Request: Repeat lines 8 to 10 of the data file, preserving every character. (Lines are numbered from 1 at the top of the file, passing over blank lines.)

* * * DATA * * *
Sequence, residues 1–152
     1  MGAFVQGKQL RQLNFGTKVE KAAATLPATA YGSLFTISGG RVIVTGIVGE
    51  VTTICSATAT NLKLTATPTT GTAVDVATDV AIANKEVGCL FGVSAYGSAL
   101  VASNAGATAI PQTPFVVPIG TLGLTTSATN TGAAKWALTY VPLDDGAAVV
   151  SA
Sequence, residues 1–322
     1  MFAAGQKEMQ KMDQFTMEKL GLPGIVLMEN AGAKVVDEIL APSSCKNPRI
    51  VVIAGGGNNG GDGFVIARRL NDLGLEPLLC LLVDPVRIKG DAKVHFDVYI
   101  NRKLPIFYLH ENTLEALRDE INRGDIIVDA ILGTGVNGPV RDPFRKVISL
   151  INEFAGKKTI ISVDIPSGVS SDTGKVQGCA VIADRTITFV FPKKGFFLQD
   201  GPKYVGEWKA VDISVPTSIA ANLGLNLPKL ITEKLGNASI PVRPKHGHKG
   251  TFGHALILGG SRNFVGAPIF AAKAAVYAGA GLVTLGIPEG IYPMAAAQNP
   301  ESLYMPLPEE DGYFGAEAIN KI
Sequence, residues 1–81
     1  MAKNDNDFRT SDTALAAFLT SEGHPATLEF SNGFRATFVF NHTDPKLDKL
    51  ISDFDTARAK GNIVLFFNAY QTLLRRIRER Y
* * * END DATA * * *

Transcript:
    51  VVIAGGGNNG GDGFVIARRL NDLGLEPLLC LLVDPVRIKG DAKVHFDVYI
   101  NRKLPIFYLH ENTLEALRDE INRGDIIVDA ILGTGVNGPV RDPFRKVISL
   151  INEFAGKKTI ISVDIPSGVS SDTGKVQGCA VIADRTITFV FPKKGFFLQD